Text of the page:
Although ROI is a standard financial metric, numerous methods exist for calculating a company's ROI. As a result, the method used by management to calculate our ROI may differ from the methods used by other companies to calculate their ROI. We urge you to understand the methods used by other companies to calculate their ROI before comparing our ROI to that of such other companies.
The calculation of ROI, along with a reconciliation to the calculation of ROA, the most comparable GAAP financial measure, is as follows:
(1) The average is based on the addition of the account balance at the end of the current period to the account balance at the end of the prior period and dividing by 2.
Free Cash Flow
Free cash flow is considered a non-GAAP financial measure. Management believes, however, that free cash flow, which measures our ability to generate additional cash from our business operations, is an important financial measure for use in evaluating the Company's financial performance. Free cash flow should be considered in addition to, rather than as a substitute for, consolidated income from continuing operations as a measure of our performance and net cash provided by operating activities as a measure of our liquidity.
We define free cash flow as net cash provided by operating activities in a period minus payments for property and equipment made in that period. We generated free cash flow of $2.2 billion for the three months ended April 30, 2015, compared to free cash flow of $3.8 billion for the three months ended April 30, 2014. The decrease in free cash flow was primarily due to lower income from continuing operations, the timing of payments for inventory and the timing of payments for income taxes.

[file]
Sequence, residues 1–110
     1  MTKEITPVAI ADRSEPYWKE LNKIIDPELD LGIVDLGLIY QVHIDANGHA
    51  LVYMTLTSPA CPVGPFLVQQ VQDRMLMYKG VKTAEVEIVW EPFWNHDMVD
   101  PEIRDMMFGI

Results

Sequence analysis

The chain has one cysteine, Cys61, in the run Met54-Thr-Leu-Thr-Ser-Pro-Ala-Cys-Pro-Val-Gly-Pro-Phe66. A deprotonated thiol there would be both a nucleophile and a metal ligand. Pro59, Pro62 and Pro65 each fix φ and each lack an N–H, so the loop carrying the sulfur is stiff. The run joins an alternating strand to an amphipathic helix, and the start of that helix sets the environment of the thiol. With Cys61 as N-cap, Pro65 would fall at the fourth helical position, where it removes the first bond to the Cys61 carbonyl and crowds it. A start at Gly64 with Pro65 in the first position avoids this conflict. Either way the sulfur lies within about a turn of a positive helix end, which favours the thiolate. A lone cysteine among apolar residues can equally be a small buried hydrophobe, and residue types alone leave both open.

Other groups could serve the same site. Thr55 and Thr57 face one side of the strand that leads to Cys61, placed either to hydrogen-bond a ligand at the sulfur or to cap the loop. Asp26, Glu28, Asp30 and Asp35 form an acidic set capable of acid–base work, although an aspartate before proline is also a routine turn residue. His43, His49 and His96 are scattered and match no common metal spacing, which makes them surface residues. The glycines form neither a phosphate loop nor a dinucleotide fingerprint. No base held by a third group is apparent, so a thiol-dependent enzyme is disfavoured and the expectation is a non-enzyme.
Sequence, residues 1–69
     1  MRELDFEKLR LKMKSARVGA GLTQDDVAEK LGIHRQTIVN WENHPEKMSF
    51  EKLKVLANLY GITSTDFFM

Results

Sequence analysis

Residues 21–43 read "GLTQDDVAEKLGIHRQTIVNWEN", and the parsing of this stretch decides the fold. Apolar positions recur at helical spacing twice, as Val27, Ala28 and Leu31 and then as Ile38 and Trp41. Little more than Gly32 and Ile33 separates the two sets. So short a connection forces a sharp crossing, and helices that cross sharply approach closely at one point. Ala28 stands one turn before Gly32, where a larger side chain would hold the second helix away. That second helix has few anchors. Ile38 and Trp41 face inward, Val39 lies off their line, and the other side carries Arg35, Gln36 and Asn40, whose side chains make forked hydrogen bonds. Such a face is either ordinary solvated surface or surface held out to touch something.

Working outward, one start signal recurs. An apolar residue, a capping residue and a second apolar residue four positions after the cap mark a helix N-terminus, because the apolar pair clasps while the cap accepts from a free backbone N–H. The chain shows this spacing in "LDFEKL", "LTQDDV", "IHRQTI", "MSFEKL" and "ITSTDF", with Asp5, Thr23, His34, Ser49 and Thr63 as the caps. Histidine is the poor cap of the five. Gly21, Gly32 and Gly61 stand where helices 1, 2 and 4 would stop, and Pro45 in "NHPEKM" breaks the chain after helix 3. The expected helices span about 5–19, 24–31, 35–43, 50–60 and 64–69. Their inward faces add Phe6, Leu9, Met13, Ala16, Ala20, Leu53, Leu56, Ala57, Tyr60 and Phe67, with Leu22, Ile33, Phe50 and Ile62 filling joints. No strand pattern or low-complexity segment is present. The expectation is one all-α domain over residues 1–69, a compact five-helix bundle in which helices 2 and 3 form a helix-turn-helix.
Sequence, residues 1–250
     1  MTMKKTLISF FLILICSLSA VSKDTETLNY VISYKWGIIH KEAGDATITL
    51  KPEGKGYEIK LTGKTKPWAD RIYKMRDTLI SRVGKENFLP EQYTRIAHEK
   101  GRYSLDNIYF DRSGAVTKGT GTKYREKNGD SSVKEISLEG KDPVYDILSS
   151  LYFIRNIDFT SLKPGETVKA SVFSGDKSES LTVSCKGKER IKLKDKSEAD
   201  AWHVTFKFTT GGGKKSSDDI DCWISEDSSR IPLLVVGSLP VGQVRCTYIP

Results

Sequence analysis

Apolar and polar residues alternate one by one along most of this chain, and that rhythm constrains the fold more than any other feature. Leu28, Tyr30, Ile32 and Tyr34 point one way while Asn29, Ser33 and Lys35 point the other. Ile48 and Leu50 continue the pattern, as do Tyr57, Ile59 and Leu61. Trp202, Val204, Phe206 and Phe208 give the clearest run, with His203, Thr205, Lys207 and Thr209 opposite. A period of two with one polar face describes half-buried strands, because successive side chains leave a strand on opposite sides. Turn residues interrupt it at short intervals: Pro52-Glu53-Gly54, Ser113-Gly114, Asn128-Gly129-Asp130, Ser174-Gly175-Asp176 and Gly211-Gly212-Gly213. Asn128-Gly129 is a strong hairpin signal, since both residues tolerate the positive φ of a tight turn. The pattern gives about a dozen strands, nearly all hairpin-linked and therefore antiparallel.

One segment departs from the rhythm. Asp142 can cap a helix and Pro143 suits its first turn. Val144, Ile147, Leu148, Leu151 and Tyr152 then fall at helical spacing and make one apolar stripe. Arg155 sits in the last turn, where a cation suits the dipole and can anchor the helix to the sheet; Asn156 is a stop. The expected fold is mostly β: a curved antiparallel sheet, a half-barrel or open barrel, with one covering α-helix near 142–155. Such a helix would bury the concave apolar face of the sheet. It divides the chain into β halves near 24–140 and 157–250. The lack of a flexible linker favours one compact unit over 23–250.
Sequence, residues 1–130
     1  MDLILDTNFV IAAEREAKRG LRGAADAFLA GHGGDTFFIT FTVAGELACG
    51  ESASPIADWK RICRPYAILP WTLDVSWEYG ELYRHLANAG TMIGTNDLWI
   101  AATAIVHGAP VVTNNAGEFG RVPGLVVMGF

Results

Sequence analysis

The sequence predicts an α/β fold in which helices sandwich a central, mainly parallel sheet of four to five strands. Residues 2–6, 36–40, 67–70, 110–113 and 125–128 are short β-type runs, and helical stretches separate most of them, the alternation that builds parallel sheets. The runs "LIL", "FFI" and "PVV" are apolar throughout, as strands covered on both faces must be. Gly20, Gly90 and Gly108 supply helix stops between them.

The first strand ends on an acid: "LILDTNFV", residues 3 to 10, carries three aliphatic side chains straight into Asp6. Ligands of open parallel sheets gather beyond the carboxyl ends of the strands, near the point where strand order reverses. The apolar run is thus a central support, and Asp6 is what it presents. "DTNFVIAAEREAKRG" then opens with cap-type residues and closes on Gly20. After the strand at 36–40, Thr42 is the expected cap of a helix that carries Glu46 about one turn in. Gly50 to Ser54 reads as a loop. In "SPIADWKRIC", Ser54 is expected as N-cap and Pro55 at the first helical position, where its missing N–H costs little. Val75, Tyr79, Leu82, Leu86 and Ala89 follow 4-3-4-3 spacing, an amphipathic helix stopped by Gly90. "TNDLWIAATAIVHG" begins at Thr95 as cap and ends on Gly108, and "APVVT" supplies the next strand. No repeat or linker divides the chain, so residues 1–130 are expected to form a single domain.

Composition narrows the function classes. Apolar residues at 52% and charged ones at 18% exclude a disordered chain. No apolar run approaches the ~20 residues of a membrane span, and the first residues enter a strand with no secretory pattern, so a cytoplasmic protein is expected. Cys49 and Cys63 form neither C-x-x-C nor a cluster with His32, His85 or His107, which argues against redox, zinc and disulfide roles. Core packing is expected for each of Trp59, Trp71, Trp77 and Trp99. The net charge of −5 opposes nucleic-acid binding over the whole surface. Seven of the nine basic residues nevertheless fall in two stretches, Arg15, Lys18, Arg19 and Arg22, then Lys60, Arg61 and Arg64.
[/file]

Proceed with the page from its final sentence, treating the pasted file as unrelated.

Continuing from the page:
Walmart's definition of free cash flow is limited in that it does not represent residual cash flows available for discretionary expenditures due to the fact that the measure does not deduct the payments required for debt service and other contractual obligations or payments made for business acquisitions. Therefore, we believe it is important to view free cash flow as a measure that provides supplemental information to our Condensed Consolidated Statements of Cash Flows.
Although other companies report their free cash flow, numerous methods may exist for calculating a company's free cash flow. As a result, the method used by Walmart's management to calculate our free cash flow may differ from the methods used by other companies to calculate their free cash flow. We urge you to understand the methods used by other companies to calculate their free cash flow before comparing our free cash flow to that of such other companies.
The following table sets forth a reconciliation of free cash flow, a non-GAAP financial measure, to net cash provided by operating activities, which we believe to be the GAAP financial measure most directly comparable to free cash flow, as well as information regarding net cash used in investing activities and net cash used in financing activities.
(1) "Net cash used in investing activities" includes payments for property and equipment, which is also included in our computation of free cash flow.